New immunization policy may keep students out of the classroom

Vashon public school students who do not provide immunization records within 30 days of being told the paperwork is missing will not be allowed to attend, a move that will put the school district in compliance with state law.

For many years, the state has required that children receive vaccines for a number of diseases before they attend school. Parents who choose not to vaccinate cansidestep the requirement if they complete a Certificate of Exemption form and turn that into the school. If no documentation is provided, students are to be excluded from school.

But the law hasn’t been followed on Vashon, a situation that Superintendent Michael Soltman said he was unaware of until last year. In fact, district nurse Sarah Day, who is beginning her second year with the school system, said she found no immunization documentation for nearly 10 percent of the district’s students last year — a fact she discovered while computerizing the records.

In other districts where Soltman has served, his office has excluded students for lack of documentation, and doing so typically brought about a prompt resolution to the problem, he noted. He is committed to doing the same on Vashon when the required documentation is missing.

“I feel very strongly about it,” he said.

Day feels strongly, as well. “This happens at most other districts,” she said. “No records, no school.”

The district will also adhere to a law passed last year that requires an additional step from parents seeking an exemption from the state’s vaccination rules: Those parents now have to submit proof that they discussed the benefits and risks of vaccines with a health care provider. This law applies primarily to those students who are new to the district or have not turned in immunization paperwork in prior years, Day said. Typically, parents file immunization paperwork when a student enters the district, either in kindergarten or a later grade; the new law applies only to those who have filed for exemptions after July 2011.

“I think it makes good sense,” Day said of the 2011 law. “If people are not vaccinating for contagious diseases, they should know what the community-wide implications are.”

So far, Day said, she hasn’t had any problems with people following the requirements. She’s already worked with several families, helping them to obtain health insurance, schedule vaccines and proceed with exemption paperwork.

“We are here to help in any way we can,” she said.

No one wants to see students excluded from school for paperwork reasons, she added, and if families are making a good-faith effort or facing extraordinary circumstances, the district will give them some latitude.

“There is no need for an exclusion to happen,” she said.

Parents had a flurry of questions for Day after she sent out an email earlier this week announcing the changes, she said, and she wanted to allay unwarranted concerns.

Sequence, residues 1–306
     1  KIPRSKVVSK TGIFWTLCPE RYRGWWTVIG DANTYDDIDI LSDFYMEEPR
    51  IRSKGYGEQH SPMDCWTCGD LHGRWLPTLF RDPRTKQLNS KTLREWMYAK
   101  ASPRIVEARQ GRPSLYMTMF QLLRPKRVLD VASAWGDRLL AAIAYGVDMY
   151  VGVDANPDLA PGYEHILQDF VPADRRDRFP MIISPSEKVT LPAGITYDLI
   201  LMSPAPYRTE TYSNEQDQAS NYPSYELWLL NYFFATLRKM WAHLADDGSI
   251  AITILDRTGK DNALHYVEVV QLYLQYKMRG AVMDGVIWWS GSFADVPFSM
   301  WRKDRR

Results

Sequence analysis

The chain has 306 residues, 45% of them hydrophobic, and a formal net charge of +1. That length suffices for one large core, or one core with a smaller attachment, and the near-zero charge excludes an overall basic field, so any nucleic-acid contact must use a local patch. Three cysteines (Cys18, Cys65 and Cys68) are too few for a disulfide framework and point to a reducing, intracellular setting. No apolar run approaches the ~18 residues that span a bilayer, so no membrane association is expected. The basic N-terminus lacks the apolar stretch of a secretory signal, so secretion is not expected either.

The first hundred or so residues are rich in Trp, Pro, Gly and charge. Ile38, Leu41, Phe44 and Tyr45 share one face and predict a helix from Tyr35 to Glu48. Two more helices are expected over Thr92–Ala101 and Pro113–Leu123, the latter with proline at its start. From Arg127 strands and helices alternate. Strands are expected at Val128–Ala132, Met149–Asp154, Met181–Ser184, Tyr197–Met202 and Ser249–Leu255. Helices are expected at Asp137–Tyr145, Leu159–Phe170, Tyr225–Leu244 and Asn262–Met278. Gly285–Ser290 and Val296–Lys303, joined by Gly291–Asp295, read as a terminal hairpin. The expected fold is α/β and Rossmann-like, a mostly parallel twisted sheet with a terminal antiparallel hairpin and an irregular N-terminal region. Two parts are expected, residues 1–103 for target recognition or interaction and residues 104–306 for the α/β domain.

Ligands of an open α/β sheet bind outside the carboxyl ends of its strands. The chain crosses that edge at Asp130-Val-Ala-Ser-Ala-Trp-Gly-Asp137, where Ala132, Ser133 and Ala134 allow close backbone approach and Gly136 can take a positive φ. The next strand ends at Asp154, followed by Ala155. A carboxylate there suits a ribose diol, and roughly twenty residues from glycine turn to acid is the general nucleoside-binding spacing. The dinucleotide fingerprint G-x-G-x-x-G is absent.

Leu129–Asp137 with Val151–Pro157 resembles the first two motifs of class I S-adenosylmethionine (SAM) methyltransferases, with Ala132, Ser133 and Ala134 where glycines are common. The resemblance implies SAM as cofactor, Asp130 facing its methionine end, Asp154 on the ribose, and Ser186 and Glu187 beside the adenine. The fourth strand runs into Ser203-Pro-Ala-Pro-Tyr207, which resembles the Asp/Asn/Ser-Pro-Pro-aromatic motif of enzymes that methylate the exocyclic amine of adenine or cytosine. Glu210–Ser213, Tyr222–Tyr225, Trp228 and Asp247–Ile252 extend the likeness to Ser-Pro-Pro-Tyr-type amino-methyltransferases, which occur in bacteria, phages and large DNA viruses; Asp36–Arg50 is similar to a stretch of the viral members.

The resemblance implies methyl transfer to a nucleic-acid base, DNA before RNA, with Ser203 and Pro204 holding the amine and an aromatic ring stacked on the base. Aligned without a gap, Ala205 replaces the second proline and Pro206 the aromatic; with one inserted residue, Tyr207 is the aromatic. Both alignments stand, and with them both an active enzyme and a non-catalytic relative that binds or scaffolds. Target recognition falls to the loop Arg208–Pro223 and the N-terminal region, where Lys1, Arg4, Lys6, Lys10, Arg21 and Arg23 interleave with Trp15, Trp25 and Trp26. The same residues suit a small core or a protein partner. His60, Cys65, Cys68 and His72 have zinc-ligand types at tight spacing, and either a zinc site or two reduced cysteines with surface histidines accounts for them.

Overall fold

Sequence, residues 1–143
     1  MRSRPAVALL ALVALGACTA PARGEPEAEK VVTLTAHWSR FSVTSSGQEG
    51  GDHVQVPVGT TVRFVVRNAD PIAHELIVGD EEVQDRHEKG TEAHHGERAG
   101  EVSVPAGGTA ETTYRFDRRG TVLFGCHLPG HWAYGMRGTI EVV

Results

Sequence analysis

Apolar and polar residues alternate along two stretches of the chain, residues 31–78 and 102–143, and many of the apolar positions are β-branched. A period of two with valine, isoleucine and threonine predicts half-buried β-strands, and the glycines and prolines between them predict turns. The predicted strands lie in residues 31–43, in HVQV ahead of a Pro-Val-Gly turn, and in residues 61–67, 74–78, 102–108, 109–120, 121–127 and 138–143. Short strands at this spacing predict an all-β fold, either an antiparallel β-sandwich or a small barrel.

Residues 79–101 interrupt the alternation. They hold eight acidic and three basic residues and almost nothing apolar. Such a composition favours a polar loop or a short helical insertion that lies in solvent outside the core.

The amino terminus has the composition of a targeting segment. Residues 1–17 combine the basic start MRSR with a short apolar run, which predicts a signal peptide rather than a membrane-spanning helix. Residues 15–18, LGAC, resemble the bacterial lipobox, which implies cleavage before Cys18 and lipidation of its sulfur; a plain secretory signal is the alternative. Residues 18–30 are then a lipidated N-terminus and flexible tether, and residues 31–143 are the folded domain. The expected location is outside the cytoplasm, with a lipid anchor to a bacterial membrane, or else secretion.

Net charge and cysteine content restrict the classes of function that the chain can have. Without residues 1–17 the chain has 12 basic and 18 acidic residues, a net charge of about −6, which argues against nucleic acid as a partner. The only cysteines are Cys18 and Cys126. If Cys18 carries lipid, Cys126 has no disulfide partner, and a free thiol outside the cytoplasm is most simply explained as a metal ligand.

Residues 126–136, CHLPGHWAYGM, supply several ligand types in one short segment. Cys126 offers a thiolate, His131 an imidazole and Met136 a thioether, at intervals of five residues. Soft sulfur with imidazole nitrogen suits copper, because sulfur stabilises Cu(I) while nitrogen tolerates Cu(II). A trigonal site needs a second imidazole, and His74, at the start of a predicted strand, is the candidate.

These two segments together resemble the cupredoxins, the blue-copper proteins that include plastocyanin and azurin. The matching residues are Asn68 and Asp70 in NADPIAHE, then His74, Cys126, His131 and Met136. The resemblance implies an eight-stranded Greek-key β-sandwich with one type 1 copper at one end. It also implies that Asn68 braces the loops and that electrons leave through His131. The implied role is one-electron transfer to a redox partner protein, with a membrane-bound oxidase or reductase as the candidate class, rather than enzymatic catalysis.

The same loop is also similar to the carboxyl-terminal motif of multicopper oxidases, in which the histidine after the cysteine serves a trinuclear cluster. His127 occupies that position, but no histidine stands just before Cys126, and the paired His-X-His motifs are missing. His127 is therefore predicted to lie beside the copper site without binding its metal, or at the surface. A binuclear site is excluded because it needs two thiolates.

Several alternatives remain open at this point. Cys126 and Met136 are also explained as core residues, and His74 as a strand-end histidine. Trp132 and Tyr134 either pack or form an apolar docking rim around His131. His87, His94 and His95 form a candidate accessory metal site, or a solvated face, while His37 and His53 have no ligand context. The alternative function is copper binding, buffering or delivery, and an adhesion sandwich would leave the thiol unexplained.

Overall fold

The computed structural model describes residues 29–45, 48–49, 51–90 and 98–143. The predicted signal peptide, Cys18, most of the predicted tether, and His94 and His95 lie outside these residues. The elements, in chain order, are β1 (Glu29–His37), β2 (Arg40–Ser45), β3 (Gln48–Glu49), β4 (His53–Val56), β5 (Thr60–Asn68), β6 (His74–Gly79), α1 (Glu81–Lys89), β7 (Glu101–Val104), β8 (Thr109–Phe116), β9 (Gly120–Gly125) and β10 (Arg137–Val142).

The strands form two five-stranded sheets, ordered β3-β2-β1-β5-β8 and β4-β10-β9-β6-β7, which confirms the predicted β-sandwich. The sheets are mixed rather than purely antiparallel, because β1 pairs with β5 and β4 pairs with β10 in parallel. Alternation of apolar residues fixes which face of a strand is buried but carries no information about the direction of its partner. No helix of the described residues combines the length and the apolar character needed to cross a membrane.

“Everyone will get notified, and we're going to work with them. That is the bottom line,” she said.

Day noted that it is important for the school to have accurate vaccine records, not just for the potential health of the district’s students and employees, but because the information makes up an important database. Public health officials call upon her frequently to look at Vashon's records, she said, and it is important that they be accurate.

Washington is still in the midst of a pertussis outbreak, with almost 4,000 cases reported in the state so far this year, compared to 387 cases reported through the same time period last year, according to the Washington State Department of Health. Public health officials recently expressed concern that the return to school will cause a further spread of whooping cough, a respiratory illness that can be deadly for infants. Day, who shares that concern, said people who are not immunized are eight times more likely to catch pertussis and pass it to others than those who are immunized against it. People without protection are also more likely to acquire a stronger case of the disease, which is then more likely to spread.

In King County, rates of pertussis are highest in children between ages 10 to 13, followed by infants less than a year old, according to Public Health — Seattle & King County.

On Vashon, Day said, 18 percent of the district’s 1,500 students have not been vaccinated against one or more of the illnesses for which the state requires vaccines, three times the state’s average. But exemptions in the district are going down, she said, and she hopes people who have not vaccinated their children against two of the most contagious and potentially harmful diseases — pertussis and measles — will reconsider and do so.

“I am really encouraging people strongly to get the booster for whooping cough and the measles shots,” she said. “Those are the two diseases our Island’s at risk for because of our low levels of immunizations.”

Vashon’s health clinics participate in the Washington State Childhood Vaccine Program, which provides vaccines for children under 19 at no charge, though some clinics may charge an administration fee for giving the shots. If that fee is a hardship for families, parents can ask that the fee be waived, Day said.


The PBS Newshour recently featured Washington’s pertussis outbreak and included interviews with Islanders March Twisdale and Celina Yarkin. To watch the segment, see


We encourage an open exchange of ideas on this story's topic, but we ask you to follow our guidelines for respecting community standards. Personal attacks, inappropriate language, and off-topic comments may be removed, and comment privileges revoked, per our Terms of Use. Please see our FAQ if you have questions or concerns about using Facebook to comment.

Read the Oct 19
Green Edition

Browse the print edition page by page, including stories and ads.

Browse the archives.

Friends to Follow

View All Updates